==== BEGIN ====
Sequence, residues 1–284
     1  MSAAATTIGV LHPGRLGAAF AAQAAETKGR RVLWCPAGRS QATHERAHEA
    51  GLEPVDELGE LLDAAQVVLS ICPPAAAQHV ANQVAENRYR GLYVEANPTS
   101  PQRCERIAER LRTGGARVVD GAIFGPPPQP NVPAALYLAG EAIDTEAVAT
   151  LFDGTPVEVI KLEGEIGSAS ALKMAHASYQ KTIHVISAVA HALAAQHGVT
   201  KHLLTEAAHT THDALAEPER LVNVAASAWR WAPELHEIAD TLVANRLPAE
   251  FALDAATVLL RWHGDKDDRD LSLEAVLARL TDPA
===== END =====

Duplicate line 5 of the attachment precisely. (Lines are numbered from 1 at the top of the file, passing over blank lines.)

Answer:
   151  LFDGTPVEVI KLEGEIGSAS ALKMAHASYQ KTIHVISAVA HALAAQHGVT